• Authentication: Security is one of the chief concerns when it comes to embracing the IoT. And, authenticating devices and users is one of the key ways you can prevent intrusions or exploitation. Authentication involves verifying the identity of a device and managing the identity of users that have access to it.
  • Configuration: Off-the-shelf settings are rarely suitable when integrating an IoT device with your systems. Also, you may want to customise or enable/disable various functionalities as needed. Configuration may need to be performed on an ongoing basis as your needs change. It’s essential from a security standpoint as default configurations are generally easily exploited.
  • Control: Although IoT devices usually operate autonomously, exercising control is still a key component. This is especially true since devices are typically remotely deployed and can only be accessed via the network. Overriding automated processes, adjusting settings, optimising performance, and remotely switching devices on/off must all be possible.
  • Monitoring: It’s nearly impossible to exercise proper control or security over devices without monitoring capabilities. This is also a key component of being able to optimise and streamline IoT networks with time. Devices should be configured so you can reliably collect system metrics, data reports, and notifications or alerts.
  • Diagnostics: Through proper monitoring, admins should run diagnostics on the health of both individual devices and the network as a whole. Proper troubleshooting practices and resources should be in place to quickly detect issues and find solutions.
  • System updates: Outdated firmware or software is one of the leading causes behind security vulnerabilities, incompatibilities, erroneous behaviour, and inefficiencies. Available updates should be identified and installed as soon as possible. If updates require additional actions, such as rebooting, you should ensure it’s carried out correctly.
  • Maintenance: All of the previous points make up the maintenance lifecycle of an IoT device. To ensure it’s carried out consistently and correctly, you need to have a plan in place that not only considers individual devices but the entire network.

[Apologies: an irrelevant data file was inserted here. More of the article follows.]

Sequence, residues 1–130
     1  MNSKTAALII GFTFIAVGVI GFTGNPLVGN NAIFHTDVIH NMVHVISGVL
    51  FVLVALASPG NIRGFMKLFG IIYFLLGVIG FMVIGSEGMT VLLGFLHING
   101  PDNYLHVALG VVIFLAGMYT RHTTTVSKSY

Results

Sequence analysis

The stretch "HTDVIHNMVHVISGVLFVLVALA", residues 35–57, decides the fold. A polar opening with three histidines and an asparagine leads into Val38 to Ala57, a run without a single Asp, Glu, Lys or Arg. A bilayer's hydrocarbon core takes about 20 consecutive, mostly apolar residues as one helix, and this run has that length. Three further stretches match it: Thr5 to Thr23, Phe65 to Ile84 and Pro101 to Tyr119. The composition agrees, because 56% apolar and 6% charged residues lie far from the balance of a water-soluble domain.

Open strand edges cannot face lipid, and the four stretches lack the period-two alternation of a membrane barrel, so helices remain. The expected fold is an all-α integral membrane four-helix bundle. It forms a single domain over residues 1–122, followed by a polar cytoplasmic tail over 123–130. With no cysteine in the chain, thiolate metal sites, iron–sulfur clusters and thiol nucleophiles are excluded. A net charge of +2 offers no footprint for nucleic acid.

Some of the critical challenges that practical IoT device management aim to solve are:

Energy consumption

● Security risks

● Overcoming physical distancing between devices

● Integration of individual devices with the overall network

● More efficiently utilising human resources

● Managing and extending the lifespan of IoT devices

● Limiting service disruptions or downtime

 

How to Integrate IoT with Business Processes

Two businessmen use iot device

Now, we get to the real challenge.

How do you integrate IoT with business processes? IoT should support and advance your business, not obstruct it.

Unfortunately, there’s no straightforward answer to this. The best way to integrate IoT systems with your business processes invariably depends on the existing processes you have in place.

To that effect, a lot of research has been conducted alongside these lines.

However, in most cases, your existing business processes will need to evolve to extract maximum value from your IoT investment. Without proper business process management (BPM) strategies in place, your IoT initiatives will be relegated to little more than data-gathering exercises.

The worst way to go about it is to try the brute-force integrate IoT initiatives without continually evaluating, improving, and restructuring your business processes.

That being said, the key driver behind adopting IoT has usually been increased data generation. That puts three questions at the centre of integrating IoT with business processes:

● What can I do with this data?
● How can I extract the most value from this data?
● How can we efficiently transform raw data into visual insights?

The interaction between your data-gathering IoT infrastructure and business processes should be viewed as a living system. Regular self-assessments should be carried out to measure the success and efficiency of your IoT projects. Outcomes should be used to refine further how you gather, transport, store, process, and interpret data via your business processes.

Conclusion

iot devices at office

It seems daunting, doesn’t it?

The fact of that matter is that IoT is one of the most significant technological advancements driving business change today. The information superhighway we’re on is already becoming a baseline requirement instead of a nice to have. However, one of the worst things you can do is jump in headfirst without considering how IoT will change your business. The best approach is to implement IoT device management as soon as possible.

Not only will it help you avoid some of the growing pains, but it will make it easier to evolve your business processes to get more out of your investment.